Analytics shouldn't be limited to Twitter. Other tools include PageLever, to gain insights into Facebook fan pages; SiteTrail, to keep track of your competitors' social media activities; Social Mention, to analyze key terms across platforms; and crowdbooster, which promises "a plan of action instead of just a stream of information."
No. 4: Don't be annoying
When a conference, trade show or other special event comes along, many people start tweeting like crazy. For followers, this can get to be a nuisance. If the tweets seem repetitive or irrelevant, some users may un-follow you.
"[When you have an event coming up], tell your followers in advance that you'll be tweeting a lot (and remind them a few times throughout the day). Then ask them to mute you instead of un-following you," says Stephanie Schwab, Principal, Crackerjack Marketing, a social media and digital marketing firm. "I use Mute Tweets and recommend it to my followers each time I attend a conference."
With Mute Tweets, you can temporarily un-follow someone when they become too "noisy." Do this manually, and chances are you won't remember to re-follow - which isn't always a bad thing, but usually isn't the response you want for temporary nuisances.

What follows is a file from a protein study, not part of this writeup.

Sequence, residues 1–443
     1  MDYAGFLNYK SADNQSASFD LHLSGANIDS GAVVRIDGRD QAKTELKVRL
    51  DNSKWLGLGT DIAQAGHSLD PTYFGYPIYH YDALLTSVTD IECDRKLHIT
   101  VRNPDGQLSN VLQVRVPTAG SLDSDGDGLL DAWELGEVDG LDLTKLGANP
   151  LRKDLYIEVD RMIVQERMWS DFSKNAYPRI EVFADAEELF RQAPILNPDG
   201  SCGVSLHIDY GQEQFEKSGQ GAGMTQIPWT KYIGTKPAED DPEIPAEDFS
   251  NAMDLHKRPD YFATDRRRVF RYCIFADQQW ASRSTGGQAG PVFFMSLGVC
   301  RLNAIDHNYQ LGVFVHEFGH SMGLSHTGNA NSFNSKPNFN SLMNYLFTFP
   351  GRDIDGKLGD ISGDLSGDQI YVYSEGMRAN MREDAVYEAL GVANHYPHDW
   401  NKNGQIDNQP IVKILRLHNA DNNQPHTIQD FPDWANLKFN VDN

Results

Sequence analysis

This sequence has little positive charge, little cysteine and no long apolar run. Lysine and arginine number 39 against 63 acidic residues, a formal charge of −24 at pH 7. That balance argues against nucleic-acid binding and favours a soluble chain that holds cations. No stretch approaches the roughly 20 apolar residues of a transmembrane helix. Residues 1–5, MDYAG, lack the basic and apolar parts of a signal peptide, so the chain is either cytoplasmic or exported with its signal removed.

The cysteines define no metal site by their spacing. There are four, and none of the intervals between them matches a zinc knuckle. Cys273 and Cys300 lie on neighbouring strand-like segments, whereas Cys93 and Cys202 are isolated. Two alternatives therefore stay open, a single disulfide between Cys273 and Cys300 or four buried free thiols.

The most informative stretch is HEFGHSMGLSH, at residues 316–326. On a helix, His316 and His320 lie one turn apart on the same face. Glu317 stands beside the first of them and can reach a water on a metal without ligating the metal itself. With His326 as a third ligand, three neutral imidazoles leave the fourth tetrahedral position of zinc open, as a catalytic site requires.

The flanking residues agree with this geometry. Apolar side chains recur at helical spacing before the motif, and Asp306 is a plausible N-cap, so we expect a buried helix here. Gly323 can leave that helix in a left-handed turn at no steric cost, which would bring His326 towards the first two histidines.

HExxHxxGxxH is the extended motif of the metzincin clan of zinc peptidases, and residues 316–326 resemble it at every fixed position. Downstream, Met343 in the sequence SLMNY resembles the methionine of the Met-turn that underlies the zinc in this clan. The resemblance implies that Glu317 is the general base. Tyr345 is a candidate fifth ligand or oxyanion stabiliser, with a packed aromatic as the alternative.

No 5: Automate mundane tasks
Has it ever dawned on you that social media is an insanely cumbersome tool? Do you repeat tasks often? Do you consistently thank people who follow you? Do you always load mobile photos to Facebook?
If you do any of these frequent, consistent, repetitive tasks, do yourself a favor and start using IFTTT (If This, Then That). In IFTTT, you can create your own tasks or copy other people's "recipes" to avoid reinventing the wheel.
The first recipe I adopted was one that automatically thanks people when they mention me on twitter or retweet one of my posts. Other less obvious recipes include ones that will send you the weather report via SMS each morning; that will email you when the Amazon free Android app of the day is posted, and which will send your blog RSS to your Twitter account, so you don't forget to tweet your own content.
No. 6: Settle on one channel
Hootsuite and Nimble both give you the ability to unify major social media channels into one console. When I first tried these out a few months ago, I found Nimble to have a few too many glitches, so I adopted Hootsuite, which I think is great.
However, Hootsuite doesn't currently support Google+, but Nimble does.
Nimble is also taking steps to integrate with third-party tools, such as MailChimp (an email marketing platform). Nimble looks to be evolving more as a social CRM and sales tool (it offers the ability to track sales leads and deals), while Hootsuite is more of a social media aggregation and collaboration tool.
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